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Week 14: The pregnancy masque

Week 14: The pregnancy masque

Recently two small patches of darker colored skin have appeared at the corners of my mouth. Sadly they look less like dark patches of skin and more like the Kool-Aid stains my kids sport when drinking out of a cup with no lid.   I affectionately refer to them as sunspots—without the solar explosions of fire....

concealerRecently two small patches of darker colored skin have appeared at the corners of my mouth. Sadly they look less like dark patches of skin and more like the Kool-Aid stains my kids sport when drinking out of a cup with no lid.  

I affectionately refer to them as sunspots—without the solar explosions of fire. It’s a valid comparison really, since in about three months my stomach will be roughly the same size as the sun—equipped with it’s own gravitational pull. Instead of mystical planets, my orbit will randomly pick up items around the house or grocery store.

These patches of dark skin are called the mask of pregnancy—because melanoma gravid arum is not only difficult to pronounce, but sounds more like a name for a pinot grigio than a pregnancy side effect. It isn’t enough that stretch marks happen. I mean, I can already feel my skin itching and can only presume that in three months I’ll have a complete visual interpretation of Dante’s Inferno, replete with a design of flame art that should have been on a gig poster for a band in the 70’s.

But thanks to overdrive in temporary melanin, my hair and skin will sport disproportional highlights. A tanning of natural selection, if you will.

If you also have this issue, rest assured the patches generally go away after delivery. Until then you can help by:

A. Protecting yourself from the sun.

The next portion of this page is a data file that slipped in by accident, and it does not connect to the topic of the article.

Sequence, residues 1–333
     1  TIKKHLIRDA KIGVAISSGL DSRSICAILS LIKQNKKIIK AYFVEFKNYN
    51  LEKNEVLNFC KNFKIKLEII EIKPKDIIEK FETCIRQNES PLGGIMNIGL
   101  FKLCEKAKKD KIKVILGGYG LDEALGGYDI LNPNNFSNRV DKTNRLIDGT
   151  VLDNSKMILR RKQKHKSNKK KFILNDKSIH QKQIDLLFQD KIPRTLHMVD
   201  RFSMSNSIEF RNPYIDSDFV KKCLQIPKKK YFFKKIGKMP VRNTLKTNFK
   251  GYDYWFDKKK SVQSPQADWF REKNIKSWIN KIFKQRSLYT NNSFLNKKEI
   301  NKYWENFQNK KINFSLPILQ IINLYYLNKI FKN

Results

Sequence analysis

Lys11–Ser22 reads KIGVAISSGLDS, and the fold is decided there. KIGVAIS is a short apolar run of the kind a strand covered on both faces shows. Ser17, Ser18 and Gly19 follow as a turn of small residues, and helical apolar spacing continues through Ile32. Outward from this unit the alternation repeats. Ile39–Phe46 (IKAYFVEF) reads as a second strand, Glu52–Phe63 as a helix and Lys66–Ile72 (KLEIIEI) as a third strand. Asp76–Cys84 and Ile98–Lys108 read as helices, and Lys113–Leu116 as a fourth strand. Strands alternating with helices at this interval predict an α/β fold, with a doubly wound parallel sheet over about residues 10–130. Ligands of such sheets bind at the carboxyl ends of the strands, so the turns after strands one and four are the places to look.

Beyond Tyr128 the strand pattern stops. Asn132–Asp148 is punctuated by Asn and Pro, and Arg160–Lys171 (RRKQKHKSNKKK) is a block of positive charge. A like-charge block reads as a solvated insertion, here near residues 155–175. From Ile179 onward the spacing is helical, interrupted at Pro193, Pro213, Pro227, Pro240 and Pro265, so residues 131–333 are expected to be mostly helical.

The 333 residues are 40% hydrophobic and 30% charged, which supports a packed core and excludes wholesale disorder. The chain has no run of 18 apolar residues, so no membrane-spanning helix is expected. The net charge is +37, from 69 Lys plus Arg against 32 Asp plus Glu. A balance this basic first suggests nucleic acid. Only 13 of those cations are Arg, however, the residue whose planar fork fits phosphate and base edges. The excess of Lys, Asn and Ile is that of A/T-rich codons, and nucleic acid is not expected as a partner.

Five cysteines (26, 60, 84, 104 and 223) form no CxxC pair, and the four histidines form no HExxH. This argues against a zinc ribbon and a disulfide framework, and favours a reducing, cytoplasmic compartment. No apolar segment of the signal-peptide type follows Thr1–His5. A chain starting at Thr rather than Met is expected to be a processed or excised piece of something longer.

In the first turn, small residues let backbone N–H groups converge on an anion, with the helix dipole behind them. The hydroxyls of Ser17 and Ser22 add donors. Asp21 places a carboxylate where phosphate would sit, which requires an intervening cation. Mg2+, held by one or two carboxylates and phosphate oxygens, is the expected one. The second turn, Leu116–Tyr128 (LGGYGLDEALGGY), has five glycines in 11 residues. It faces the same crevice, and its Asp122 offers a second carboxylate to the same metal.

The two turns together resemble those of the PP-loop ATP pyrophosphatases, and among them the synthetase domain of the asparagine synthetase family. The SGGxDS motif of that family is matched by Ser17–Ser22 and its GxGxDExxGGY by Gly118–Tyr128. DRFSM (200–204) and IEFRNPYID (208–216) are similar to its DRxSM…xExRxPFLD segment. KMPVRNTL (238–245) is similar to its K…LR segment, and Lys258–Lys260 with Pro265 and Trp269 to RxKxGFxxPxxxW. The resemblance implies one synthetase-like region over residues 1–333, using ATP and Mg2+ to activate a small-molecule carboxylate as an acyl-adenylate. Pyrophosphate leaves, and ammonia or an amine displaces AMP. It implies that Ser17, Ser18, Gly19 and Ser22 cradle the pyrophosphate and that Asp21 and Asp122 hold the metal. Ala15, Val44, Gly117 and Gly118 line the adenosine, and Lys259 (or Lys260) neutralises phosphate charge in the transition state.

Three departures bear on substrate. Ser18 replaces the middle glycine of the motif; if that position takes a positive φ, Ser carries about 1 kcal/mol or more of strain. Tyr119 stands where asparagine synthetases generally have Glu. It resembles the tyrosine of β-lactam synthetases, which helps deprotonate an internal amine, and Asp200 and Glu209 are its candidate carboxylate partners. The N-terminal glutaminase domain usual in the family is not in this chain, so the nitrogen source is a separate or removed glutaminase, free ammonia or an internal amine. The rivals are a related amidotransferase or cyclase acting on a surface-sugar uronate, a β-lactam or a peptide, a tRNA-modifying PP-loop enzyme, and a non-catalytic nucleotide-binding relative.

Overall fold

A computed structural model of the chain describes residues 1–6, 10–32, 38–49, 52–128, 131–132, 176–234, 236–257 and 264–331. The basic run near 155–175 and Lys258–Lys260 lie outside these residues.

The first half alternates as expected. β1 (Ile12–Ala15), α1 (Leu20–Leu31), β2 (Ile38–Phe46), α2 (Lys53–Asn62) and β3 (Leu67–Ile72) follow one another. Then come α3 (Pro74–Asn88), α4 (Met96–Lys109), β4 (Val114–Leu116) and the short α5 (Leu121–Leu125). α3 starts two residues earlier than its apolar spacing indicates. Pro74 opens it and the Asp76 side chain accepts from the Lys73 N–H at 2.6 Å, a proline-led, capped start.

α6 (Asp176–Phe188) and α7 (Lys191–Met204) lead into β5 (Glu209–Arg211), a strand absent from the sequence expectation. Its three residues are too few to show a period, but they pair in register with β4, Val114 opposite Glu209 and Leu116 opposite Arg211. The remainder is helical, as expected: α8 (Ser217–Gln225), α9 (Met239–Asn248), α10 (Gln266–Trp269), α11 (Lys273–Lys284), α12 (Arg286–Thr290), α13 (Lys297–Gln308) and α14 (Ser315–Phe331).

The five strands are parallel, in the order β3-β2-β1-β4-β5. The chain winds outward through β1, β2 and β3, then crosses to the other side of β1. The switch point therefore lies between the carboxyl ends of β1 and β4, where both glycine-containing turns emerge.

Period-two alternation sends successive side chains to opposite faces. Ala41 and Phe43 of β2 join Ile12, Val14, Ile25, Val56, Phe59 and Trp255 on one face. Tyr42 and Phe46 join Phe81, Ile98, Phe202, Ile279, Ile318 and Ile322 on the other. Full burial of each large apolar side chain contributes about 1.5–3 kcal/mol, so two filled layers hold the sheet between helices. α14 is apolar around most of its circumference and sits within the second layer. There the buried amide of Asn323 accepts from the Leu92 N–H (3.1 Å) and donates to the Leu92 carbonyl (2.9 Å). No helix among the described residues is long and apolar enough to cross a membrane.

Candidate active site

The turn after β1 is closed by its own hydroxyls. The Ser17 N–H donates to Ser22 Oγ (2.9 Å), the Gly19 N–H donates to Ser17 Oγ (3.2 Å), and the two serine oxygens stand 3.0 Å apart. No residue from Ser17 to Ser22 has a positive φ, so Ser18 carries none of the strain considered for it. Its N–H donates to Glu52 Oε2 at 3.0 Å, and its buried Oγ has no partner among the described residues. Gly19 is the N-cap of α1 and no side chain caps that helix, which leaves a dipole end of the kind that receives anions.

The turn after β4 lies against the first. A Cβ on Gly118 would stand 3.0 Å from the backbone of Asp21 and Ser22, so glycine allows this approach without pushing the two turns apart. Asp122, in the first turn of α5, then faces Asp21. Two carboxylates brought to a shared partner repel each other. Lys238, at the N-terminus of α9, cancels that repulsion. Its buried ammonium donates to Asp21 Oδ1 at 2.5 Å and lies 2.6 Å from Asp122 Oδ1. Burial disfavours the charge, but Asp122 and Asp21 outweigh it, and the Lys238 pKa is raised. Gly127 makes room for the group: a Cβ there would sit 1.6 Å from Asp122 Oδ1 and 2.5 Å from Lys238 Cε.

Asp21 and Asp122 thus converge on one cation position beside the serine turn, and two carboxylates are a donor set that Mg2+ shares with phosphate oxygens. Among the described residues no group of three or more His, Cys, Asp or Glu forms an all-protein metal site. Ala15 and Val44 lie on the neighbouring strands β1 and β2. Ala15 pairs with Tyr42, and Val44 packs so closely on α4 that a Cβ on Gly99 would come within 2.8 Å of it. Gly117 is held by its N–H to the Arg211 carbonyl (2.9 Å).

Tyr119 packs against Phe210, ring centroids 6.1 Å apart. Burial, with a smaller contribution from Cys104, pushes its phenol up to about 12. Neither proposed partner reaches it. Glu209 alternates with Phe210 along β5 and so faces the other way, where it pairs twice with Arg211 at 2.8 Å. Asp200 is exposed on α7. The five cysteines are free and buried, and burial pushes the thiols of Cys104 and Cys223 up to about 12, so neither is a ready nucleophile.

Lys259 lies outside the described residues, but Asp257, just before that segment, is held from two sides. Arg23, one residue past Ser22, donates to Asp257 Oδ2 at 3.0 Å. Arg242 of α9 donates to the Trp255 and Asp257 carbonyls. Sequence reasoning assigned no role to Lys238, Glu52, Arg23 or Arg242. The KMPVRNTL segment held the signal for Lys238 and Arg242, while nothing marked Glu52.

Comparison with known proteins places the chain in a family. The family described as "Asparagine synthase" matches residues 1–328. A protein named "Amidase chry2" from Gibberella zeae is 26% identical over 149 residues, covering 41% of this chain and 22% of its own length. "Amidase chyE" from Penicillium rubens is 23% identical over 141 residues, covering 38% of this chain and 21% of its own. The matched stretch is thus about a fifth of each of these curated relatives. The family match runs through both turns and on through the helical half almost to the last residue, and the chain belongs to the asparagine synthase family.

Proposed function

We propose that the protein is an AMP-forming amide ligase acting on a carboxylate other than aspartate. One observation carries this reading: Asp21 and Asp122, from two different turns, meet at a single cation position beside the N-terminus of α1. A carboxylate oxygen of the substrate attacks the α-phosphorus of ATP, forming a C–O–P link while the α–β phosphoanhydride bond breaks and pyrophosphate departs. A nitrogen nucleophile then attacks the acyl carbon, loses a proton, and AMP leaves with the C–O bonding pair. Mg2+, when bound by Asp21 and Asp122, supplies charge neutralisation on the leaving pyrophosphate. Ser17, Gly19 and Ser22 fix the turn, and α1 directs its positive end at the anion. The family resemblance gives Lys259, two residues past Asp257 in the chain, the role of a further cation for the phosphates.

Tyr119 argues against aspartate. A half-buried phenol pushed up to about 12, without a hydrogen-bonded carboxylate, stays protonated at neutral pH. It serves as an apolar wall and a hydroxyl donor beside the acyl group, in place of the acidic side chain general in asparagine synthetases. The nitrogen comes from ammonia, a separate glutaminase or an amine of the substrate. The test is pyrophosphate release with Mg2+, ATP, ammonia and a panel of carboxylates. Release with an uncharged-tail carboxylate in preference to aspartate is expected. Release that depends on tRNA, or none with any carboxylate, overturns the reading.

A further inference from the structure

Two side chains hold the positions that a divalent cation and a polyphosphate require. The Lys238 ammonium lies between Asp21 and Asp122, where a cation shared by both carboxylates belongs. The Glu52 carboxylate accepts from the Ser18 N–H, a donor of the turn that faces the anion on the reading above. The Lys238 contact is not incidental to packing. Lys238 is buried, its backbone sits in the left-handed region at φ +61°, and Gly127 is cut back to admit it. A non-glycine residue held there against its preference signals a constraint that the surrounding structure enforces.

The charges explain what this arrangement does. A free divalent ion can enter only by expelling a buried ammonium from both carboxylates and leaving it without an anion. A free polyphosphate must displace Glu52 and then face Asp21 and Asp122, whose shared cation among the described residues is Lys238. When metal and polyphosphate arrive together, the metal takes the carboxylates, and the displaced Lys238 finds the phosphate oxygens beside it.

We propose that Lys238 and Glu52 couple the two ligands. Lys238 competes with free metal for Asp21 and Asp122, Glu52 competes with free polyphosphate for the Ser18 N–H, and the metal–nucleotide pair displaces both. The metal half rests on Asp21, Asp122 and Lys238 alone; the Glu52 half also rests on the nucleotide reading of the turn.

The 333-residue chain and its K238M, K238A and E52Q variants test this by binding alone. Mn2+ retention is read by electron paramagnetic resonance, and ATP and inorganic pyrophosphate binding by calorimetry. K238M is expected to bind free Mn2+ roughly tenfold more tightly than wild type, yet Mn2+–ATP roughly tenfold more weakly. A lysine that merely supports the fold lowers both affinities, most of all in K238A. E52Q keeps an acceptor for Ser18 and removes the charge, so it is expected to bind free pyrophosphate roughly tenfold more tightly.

Thankfully this isn’t an issue in my house. I’m married to the sunscreen king.  He lathers sunscreen on our kids like lotion is a suit of armor—the more lumps the more protection. He and our daughters walk around together like they just survived a giant marshmallow explosion on our backyard.

B. Use gentle cleansers and facial creams.

Probably you aren’t using cleansers and face creams that hurt. I used to use St. Ives apricot scrub all the time. Honestly, I’m surprised I still have skin; using sandpaper would have been less abrasive. I can only assume experts feel the more gentle the cleanser the less damage to your skin. I suppose it makes sense.

C. Apply concealing makeup.

I don’t know why you use makeup, but I use it for two reasons:

1. To cover up pimples I was supposedly never going to get again after high school.

2. To make it look like I got more than 3 hours of sleep.

If you feel weird about your newly formed splotches, just apply concealer. Find one with SPF—two birds people. Two birds.

In the end, it’s a small price to pay for the incredibly gift I’ll receive at the end of this journey. A few dark patches in exchange for a baby with a face to love, kiss, and clean Kool-Aid stains off of.

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